Friday, August 29th, 2008

Attention Florida science nuts: We did it!

Back on August 7, Florida Citizens for Science (FCS) launched a fundraising campaign focused on helping science education here in the Sunshine State. We worked through the DonorsChoose website where teachers propose classroom projects or equipment needs they can’t afford on their own or through the school system. FCS originally chose five science education projects proposed by Florida teachers and challenged you to make those wishes reality. The initial challenge had a target of raising $600 in donations and then FCS would match that amount, bringing the total to $1,200. Well, that was the original plan. Three weeks into the month-long challenge you donated much more than $600; you rocketed all the way to $912.

Since FCS still needed to add its promised $600 to the pot we added a sixth teacher project to our challenge. Today, FCS used that pledged $600 to push the challenge over the finish line a week early. All of our projects are now fully funded. Congratulations!

Here is what we did to help Florida science education:

  • Safety goggles are going to Claude Pepper Elem School, Miami.
  • Preserved animal specimens for biology “show and tell” are going to Edgewater High School, Orlando.
  • A set of magnets is going to Royal Palm Charter School, Palm Bay.
  • Five microscopes are going to Quail Hollow Elementary School, Wesley Chapel.
  • Impact cars, a projectile launcher and other related lab equipment is going to Avon Park.
  • A stereo microscope is going to Country Oaks Elementary School, Labelle.

We’re not done, though. FCS still has $116 left to spend of its pledged $600. So, you have one last homework assignment. Find one more project on the DonorsChoose website that we can use the last of our money on. I would prefer that we fully fund a project if one can be found that we can afford. Offer your picks in the comments here.

I hope you feel good about what we’ve done. I know I do!

Fundraising challenge week 1

Friday, August 15th, 2008

We just wrapped up our first week of fundraising for Florida science education with three more to go. Unfortunately, things are moving slow. We’ve only managed to round up $95 so far. Florida Citizens for Science will match that amount — getting us up to $190 — but that still doesn’t get us close to our total goal of $1,200.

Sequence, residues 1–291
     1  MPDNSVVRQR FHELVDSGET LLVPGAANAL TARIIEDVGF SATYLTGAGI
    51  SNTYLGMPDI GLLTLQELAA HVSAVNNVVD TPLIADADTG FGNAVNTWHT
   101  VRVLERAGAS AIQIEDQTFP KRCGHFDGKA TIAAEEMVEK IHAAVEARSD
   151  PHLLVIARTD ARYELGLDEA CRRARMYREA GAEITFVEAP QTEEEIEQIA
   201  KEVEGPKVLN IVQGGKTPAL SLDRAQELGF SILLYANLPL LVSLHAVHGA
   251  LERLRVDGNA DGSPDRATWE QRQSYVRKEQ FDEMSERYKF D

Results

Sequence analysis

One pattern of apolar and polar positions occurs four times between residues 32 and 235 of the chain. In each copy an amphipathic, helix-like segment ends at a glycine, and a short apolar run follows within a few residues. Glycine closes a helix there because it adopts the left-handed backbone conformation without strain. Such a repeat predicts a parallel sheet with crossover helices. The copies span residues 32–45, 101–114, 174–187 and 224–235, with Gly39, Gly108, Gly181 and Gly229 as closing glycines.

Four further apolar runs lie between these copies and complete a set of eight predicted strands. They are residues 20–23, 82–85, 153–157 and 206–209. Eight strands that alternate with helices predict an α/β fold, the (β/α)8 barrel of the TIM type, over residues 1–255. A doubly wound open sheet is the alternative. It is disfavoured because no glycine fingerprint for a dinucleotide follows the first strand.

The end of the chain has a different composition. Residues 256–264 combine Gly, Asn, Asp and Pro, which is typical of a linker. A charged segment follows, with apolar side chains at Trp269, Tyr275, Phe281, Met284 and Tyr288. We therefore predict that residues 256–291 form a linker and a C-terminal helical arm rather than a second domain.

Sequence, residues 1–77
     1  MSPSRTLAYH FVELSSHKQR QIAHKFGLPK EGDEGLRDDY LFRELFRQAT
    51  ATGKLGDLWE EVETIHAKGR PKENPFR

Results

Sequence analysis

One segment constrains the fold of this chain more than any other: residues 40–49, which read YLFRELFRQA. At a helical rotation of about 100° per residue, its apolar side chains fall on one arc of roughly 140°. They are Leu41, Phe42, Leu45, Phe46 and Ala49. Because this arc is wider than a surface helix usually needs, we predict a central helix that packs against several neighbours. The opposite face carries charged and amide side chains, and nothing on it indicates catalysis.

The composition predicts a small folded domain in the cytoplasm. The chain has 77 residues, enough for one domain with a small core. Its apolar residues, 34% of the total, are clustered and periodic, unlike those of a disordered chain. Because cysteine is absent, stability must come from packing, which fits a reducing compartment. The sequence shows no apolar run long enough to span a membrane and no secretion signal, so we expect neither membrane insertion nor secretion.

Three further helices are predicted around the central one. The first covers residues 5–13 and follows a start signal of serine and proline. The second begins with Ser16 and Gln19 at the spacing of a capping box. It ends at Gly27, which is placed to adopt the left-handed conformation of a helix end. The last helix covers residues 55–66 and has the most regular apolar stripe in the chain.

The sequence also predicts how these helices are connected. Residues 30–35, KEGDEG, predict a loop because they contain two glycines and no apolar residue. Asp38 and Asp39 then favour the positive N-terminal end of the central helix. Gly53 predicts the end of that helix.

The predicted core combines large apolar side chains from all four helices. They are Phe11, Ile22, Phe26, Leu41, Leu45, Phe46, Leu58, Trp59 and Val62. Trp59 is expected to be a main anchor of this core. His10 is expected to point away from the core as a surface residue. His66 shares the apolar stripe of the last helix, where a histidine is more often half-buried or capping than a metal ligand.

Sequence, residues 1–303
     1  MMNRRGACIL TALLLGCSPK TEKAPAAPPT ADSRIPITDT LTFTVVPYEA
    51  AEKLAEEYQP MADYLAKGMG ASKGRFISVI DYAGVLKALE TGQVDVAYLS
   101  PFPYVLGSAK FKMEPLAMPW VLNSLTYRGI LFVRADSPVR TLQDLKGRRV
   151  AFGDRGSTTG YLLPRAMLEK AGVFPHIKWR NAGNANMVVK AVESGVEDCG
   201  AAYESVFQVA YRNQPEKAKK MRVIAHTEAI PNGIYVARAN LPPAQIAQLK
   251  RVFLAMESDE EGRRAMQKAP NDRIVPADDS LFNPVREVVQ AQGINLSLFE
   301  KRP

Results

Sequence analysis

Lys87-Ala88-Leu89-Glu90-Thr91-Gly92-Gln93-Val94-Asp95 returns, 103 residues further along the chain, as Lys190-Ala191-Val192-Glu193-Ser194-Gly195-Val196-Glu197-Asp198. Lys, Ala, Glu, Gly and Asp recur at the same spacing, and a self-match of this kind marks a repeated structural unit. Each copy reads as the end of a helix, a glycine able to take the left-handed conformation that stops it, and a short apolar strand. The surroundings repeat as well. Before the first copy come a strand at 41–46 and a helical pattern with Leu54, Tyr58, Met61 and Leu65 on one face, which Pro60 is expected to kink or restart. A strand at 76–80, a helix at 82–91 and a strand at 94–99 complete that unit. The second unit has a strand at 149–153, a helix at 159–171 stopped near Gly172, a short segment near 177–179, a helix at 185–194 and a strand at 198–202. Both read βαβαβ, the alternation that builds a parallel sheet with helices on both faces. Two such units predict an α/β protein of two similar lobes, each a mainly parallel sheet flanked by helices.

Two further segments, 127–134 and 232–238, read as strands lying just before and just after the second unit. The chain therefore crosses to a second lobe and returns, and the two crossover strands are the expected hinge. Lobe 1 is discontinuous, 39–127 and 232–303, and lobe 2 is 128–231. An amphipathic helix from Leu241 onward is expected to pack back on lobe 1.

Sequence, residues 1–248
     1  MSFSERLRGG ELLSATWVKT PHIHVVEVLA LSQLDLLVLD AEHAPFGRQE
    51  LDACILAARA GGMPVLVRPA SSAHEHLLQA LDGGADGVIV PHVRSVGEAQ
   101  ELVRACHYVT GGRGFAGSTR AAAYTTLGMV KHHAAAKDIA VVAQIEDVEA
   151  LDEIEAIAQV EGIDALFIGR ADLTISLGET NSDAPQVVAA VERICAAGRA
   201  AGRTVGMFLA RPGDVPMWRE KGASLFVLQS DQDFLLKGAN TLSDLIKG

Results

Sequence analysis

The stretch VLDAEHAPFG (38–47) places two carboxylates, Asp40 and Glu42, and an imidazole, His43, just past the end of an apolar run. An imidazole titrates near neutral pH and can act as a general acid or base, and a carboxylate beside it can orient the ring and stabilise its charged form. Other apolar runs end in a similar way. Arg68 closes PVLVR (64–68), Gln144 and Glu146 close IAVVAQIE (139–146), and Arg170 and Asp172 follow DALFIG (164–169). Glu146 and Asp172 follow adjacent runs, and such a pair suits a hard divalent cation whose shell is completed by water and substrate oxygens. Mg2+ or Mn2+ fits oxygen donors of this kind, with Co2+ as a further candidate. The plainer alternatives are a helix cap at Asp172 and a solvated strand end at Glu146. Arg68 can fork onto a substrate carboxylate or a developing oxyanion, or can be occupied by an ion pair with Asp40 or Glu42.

Teachers really do need our help. This is not just some sappy sales pitch. It’s reality. Read this Orlando Sentinel story to see for yourself: Teachers ‘not going to get a penny’ in raises.

Though she has to watch her budget at home, Condrey spends at least $1,000 of her own money each year buying supplies for her classroom. Heathrow Elementary is in one of the most affluent neighborhoods in Central Florida, but plenty of low-income students need the pencils, paper, notebooks and other items she provides.

Condrey also buys special workbooks and other materials for her class to supplement what’s supplied by the school district. And when her allotment of paper for the copying machine is gone, she furnishes her own.

Kelly Leslie, a science teacher at Dr. Phillips High in Orange County for the past two years, previously taught in Pittsburgh, where she said teaching was a respectable profession at respectable pay. She makes $39,130 a year and said she’s not surprised so many Florida teachers quit.

Half of new teachers leave the profession in the first three years, said Frances Haithcock, chancellor of Florida schools. Many cite low pay as the reason.

The math is simple. When teachers suffer, their students suffer. One of the classrooms we are trying to help out during this fundraiser challenge is trying to do science experiments without basic safety equipment.

My students are extremely interested in science. With the adoption of a new science series came lots of materials to do classroom experiments, however, some basic materials were not included, such as the safety goggles, which are required for all experiments. This year I simply had to ask the students to be extremely careful and to not place their faces too close to the experiment.

I know you love science. The 68 comments so far on the “Evolution as Described by the Second Law of Thermodynamics” post attests to that. If you didn’t care, you wouldn’t be in there so often trying to educate certain other posters. This blog is not near as high-traffic as some other popular science blogs, but we still manage to draw in 120 to 200 visitors a day. If just a few of you folks out there would consider dropping five or ten bucks in the pot, we could build up a nice total in no time. And I know you folks visit plenty of other science sites, too. So, please spread the word. Chances are that there are Florida folks visiting those other sites who would appreciate knowing about this opportunity to help science education right here at home.

Week two is here. Let’s see if we can fully fund at least one of our classroom projects this week.